2014 was, as you have probably heard by now, not the best year for polling; even Nate Silver concluded not only that the polls were skewed to overstate the performance of Democrats, but that it was, on average, tied with 2002 as the second-worst polling year for Senate races since 1990 (the worst was 1998). That couldn’t be predicted before the election, but a major reason why it might be true was: that too many pollsters were still using a 2012 turnout model, and were afraid that departing from that would open them to criticism of “unskewing” the electorate, undercounting non-white voters and underestimating the Democrats’ vaunted turnout operation. And there was a particular operational reason why, as Erick explained about 10 days before the election:
[A]ll the states I have noticed that have wildly fluctuating polls are also states that had no exit polling in 2012. The national consortium decided they did not need to poll those states and could save money.
Alaska, Arkansas, Delaware, District of Columbia, Georgia, Hawaii, Idaho, Kentucky, Louisiana, Nebraska, North Dakota, Oklahoma, Rhode Island, South Carolina, South Dakota, Tennessee, Texas, Utah, West Virginia and Wyoming had no exit polling.
…I remember enough of the problems from 2012 and the analysis thereof to wonder if not having a 2012 baseline from the exit polling is making a difference. Pollsters are having a harder time figuring out the composition of the electorate. And, if they use outside surveys from 2012, the only good ones were from left-leaning partisan groups. Their turnout models were well done, but also agenda driven showing more Democrats than actually showed up.
…[N]o one knows who will show up and the most cautious pollsters are desperate to not turn into a Rasmussen or Gallup 2012.
In retrospect, it seems that this may be precisely what happened:
A senior Republican strategist who helped direct the GOP’s midterm strategy speculated that media outlets weren’t willing to spend enough on their polls to produce a product that was as detailed as the private, more accurate partisan surveys. This Republican also believes that public pollsters in general were “vulnerable and susceptible” to the arguments Democrats were making about expanding the electorate, given what the party achieved in 2012.
“The Democrats kept telling us they had a gold-plated ground game,” added Republican pollster Wes Anderson, who worked on Sen.-Elect Rep. Tom Cotton (R-AR)’s race. “People kept weighting up Democratic turnout.”
I’ll come back to some of the theories about the 2014 polling another day, but I thought it would be useful to specifically examine Erick’s pre-election thesis: that the polls were struggling worse in states that had no 2012 exit polls. We have a RealClearPolitics final polling average for 34 of the 36 Senate races (polling was too sparse for an average in New Mexico, and Sen. Jeff Sessions (R-AL) was unopposed), 20 in states that had no exit polls (including 2 each in Oklahoma and South Carolina) and 14 in states that had exit polls. While this isn’t a large enough sample to conclude as a statistical matter that there was a difference, it’s enough states that if there was a difference, we should expect to see some evidence of that.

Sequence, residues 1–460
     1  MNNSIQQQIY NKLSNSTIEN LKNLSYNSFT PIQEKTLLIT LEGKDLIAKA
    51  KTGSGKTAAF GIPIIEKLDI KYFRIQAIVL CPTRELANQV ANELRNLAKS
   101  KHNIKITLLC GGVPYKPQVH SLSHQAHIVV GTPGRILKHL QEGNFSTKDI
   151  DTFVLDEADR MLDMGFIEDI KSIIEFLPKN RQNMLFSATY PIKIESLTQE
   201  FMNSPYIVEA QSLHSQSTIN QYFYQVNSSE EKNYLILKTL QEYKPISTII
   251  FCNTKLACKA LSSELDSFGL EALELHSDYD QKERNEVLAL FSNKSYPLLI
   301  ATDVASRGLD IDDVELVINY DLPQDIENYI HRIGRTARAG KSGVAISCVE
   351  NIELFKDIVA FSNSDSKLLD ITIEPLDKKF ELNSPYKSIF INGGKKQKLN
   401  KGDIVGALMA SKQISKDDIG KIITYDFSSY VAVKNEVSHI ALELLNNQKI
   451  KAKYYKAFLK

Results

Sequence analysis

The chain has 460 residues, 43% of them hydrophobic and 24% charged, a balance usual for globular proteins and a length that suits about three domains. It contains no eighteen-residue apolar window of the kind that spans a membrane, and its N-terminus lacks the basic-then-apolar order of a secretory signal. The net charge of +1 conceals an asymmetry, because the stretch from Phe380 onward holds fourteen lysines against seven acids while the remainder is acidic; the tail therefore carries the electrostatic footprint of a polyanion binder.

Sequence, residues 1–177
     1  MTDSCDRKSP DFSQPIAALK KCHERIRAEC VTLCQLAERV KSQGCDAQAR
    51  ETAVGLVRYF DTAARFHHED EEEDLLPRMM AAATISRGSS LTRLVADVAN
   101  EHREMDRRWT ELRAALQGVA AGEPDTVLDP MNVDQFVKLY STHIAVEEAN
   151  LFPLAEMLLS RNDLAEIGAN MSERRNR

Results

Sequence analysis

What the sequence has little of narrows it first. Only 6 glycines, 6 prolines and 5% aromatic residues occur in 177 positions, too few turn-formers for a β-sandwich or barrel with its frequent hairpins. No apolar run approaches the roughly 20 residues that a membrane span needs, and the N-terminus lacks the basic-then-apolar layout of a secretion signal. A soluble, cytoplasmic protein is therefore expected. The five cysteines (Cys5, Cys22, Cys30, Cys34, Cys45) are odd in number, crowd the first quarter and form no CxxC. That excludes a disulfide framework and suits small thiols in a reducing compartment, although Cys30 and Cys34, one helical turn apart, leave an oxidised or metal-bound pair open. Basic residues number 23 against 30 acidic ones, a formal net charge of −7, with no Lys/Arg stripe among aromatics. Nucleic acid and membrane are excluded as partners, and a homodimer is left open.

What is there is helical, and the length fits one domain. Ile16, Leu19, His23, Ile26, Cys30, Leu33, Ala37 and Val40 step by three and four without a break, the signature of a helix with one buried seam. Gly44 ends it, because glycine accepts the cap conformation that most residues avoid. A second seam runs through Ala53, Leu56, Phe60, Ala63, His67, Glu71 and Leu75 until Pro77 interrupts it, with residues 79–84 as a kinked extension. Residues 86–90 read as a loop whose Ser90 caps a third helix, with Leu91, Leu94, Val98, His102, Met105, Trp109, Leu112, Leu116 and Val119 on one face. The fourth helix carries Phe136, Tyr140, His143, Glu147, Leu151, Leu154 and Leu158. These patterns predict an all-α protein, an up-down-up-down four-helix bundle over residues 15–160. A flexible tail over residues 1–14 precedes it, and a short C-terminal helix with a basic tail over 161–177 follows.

And we do. Here’s the RCP average compared to the final results in the 20 Senate races in states with no 2012 exit polls:
For ease of comparison and because it’s the one thing consumers of polls most want to know, I used the Republican’s percentage of the 2-party vote among the top 2 candidates in the race as the basis for comparison. On an unweighted average basis across these 20 Senate races in states that had no 2012 exit polls, measured by the GOP’s share of the 2-party vote, the polls were off an average of 3.4 points, and a net average of 2.8 points in the Democrats’ direction. In 18 of the 20 races they were skewed more towards the Democrat, in only three (Sen. Tim Scott (R-SC) and Sen. Lindsey Graham (R-SC) in South Carolina and the hapless Cam Cavasso in Hawaii) did they overestimate the Republican. And the errors were not trivial: in only 3 of the 20 was the final RCP average within 1 percentage point of the final GOP share of the 2-party vote share, in 5 of the 20 was it within 2 points.
Now, the 14 races where there were 2012 exit polls (this is a bluer group of states and includes more races won by Democrats, so there’s that as well):
Here, we see a different story. Across these 14 Senate races, polls were off an average of 1.6 points overall, and a net average of 1.0 points in the Democrats’ direction – an average error half as large, and a skew barely a third as large. In 10 of the 14 states they were skewed more towards the Democrats, but in 5 of the 14, the final RCP average was within 1 point; in 11 of the 14, within 2 points. The polls were still off quite badly in Kansas and off in Iowa and Maine, but on the whole, they performed much worse in the states that had no 2012 exit polls.